Timeless Tuesday – Yashica 8 U-matic

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Yashica 8mm film movie camera from 1961. Fast f1.8 Yashinon zoom lens. The camera sold for around $140. in the early 1960s.

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Complete kit. BTW, the little hang tag from LIFE depicts a cover from 1947.

Thanks for stopping by! – Chris

Please respect that all content, including photos and text, are the property of this blog and its owner, Yashica Pentamatic Fanatic, Yashica Sailor Boy, Yashica Chris.

Copyright © 2015-2019 Yashica Pentamatic Fanatic, Chris Whelan
All rights reserved.

Yashica Man

yulee and ps

Yashica Pentamatic S and Mr. David Yulee – downtown Fernandina Beach, Amelia Island – Florida

Chris

Please respect that all content, including photos and text, are the property of this blog and its owner, Yashica Pentamatic Fanatic, Yashica Sailor Boy, Yashica Chris.

Copyright © 2015-2018 Yashica Pentamatic Fanatic, Chris Whelan
All rights reserved.

Yashica TL Electro-X

One of the most successful SLRs from Yashica – the ‘Pioneer in Electronic Cameras’… the Yashica TL Electro-X. The world’s first electronic single-lens reflex camera.

A random collection of clips from Yashica sales brochures and our eclectic collection of all things Yashica –

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‘ITS’ = Integrated Technology System… maybe.

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We’ve recently added this hard to find accessory from Yashica. It was still new in its original box! It will be used in our studio for some copy work.

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Original box. Lucky find!

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The Copy Stand listed for 20,000 JPY in 1971. About $55 USD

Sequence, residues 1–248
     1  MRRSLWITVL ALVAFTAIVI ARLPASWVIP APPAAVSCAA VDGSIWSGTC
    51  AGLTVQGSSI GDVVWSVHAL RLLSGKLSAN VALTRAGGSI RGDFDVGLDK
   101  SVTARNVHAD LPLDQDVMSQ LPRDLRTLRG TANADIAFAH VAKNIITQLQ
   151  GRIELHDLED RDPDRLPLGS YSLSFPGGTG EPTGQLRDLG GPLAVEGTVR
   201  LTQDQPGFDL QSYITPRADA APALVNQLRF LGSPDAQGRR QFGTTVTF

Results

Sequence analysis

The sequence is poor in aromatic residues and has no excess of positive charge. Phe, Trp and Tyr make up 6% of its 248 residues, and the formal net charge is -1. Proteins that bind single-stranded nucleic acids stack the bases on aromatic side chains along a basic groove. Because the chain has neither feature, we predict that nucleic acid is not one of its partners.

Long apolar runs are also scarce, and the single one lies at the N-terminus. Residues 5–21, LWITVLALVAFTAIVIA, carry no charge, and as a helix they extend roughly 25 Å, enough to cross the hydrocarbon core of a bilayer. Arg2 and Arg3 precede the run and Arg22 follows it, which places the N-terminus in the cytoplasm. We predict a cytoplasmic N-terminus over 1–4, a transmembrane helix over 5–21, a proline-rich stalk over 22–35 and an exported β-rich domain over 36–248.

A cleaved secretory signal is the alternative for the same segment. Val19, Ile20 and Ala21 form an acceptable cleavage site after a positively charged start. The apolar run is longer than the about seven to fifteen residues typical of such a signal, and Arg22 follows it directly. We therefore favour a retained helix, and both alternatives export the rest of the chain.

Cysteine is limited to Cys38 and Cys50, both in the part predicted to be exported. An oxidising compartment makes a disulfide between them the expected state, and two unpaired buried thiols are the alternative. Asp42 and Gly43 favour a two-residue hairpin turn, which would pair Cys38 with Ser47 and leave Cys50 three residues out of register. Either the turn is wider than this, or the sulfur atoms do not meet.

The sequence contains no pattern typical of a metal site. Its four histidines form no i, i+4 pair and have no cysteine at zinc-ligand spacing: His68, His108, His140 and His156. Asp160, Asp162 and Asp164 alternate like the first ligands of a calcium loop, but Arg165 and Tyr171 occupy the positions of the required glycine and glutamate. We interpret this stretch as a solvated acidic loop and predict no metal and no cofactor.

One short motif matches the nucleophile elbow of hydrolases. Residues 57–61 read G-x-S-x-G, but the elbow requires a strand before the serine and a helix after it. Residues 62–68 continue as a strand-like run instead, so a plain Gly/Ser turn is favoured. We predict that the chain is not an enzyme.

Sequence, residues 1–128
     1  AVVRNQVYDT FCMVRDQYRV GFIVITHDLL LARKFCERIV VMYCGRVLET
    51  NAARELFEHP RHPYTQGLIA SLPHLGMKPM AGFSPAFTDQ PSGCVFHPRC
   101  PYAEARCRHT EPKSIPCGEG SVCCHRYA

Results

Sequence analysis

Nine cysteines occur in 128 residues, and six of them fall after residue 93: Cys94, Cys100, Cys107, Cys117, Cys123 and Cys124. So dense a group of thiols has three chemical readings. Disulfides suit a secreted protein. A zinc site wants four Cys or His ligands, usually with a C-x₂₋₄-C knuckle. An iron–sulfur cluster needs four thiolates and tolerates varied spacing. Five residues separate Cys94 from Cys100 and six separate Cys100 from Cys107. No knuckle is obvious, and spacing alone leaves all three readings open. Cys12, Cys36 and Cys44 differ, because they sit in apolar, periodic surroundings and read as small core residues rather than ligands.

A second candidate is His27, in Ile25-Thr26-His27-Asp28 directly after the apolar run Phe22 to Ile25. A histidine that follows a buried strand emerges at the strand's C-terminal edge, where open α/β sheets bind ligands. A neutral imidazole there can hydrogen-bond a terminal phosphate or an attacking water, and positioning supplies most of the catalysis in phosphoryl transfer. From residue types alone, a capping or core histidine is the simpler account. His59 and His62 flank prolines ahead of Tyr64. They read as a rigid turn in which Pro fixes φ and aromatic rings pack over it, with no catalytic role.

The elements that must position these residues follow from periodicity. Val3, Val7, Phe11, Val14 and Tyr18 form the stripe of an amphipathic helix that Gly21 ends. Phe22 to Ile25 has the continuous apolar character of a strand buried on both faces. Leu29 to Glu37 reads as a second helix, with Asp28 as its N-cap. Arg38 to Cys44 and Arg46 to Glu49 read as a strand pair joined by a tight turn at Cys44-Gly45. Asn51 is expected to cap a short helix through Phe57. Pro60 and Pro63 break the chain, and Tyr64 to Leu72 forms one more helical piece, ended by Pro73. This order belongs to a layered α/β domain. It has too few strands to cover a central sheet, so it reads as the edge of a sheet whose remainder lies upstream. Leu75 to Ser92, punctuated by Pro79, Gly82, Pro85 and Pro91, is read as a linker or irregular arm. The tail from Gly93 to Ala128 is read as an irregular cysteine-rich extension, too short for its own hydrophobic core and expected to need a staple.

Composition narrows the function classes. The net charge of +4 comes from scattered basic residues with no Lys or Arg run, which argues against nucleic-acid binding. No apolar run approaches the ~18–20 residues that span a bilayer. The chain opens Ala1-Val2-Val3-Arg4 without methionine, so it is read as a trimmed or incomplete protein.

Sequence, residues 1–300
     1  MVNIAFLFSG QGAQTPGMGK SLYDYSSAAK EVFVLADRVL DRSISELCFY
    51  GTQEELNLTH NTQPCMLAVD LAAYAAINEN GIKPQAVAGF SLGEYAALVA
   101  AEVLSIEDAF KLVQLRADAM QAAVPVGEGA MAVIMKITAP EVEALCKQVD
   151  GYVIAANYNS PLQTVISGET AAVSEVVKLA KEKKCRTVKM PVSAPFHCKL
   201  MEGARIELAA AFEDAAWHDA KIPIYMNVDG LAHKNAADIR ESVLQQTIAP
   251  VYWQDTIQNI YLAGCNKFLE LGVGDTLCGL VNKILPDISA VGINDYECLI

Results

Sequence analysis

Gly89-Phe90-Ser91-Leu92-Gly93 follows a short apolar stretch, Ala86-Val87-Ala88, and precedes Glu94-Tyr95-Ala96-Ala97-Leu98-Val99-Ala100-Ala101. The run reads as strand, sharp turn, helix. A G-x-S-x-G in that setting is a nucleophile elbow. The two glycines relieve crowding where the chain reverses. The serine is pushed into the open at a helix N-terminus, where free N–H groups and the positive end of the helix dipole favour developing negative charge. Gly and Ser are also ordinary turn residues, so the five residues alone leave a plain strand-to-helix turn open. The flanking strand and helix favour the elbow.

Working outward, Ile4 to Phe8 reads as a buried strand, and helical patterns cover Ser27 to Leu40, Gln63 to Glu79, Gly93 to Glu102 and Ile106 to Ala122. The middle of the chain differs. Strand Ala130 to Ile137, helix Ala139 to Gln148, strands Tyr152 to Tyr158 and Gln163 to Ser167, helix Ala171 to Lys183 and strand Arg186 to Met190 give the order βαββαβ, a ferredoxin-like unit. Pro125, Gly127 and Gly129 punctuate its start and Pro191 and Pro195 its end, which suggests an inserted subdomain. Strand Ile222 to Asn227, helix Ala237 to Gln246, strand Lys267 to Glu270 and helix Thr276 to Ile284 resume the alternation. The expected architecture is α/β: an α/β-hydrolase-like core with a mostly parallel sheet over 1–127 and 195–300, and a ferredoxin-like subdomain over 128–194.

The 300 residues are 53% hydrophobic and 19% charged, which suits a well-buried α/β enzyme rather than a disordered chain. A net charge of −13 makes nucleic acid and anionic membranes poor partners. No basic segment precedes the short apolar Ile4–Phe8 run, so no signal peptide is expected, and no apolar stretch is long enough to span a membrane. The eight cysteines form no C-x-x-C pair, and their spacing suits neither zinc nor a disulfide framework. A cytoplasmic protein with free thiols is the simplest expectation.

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Large dealer’s sign. Two sided but non lighted. Ca. 1968

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Yashica ‘Sailor Boy’ with another version of the slogan and electron logo. The ‘Sailor Boy’ first made his appearance in 1962.

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Elegance on ice.

Do you have something to add to our database about this interesting camera? Please feel free to comment. 

Thanks,

Chris & Carol Photography ^.^

Tokyo store window – 1964

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Japan and the summer Olympic Games held in Tokyo.

Yashica’s latest in their popular line of SLRs. As it would have appeared in 1964.

The world was coming to Japan for the Olympics and Japan was ready to show the world its best technology and design. The Tokaido Shinkansen made its inaugural run from Tokyo on October 1st and Japan and its technology never looked back.

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Fantasy image of our 1964 Yashica J-5 as it would have looked in the camera dealer’s window.

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Wonderful souvenir of the Olympic Games.

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Yashica proudly shows off its new J-5

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If you’ve been to Tokyo chances are you visited Mitsukoshi (there’s one at EPCOT at WDW, Orlando).

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Who hasn’t owned or wanted a SONY!!!

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A trip back in time. A time when Japan showed the world what it was capable of.

Thanks for your visit!

Chris

 

Help solve another mystery… who is she?

Help! She’s been driving us crazy for years trying to identify what type of uniform she’s wearing.

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Is she a stewardess, cruise ship officer, tour bus guide, train hostess? The uniform is certainly not a military uniform (but could be). This instruction booklet is from the late 1950s. Her cap is keeping with the style of the airlines at the time but definitely not JAL. Take note, she has a gold stripe on her right sleeve which wasn’t consistent with airlines unless you were in the cockpit. There is a hint of what looks like a pin (wings ?) on the left side of her jacket and of course there’s the emblem (logo) on her cap.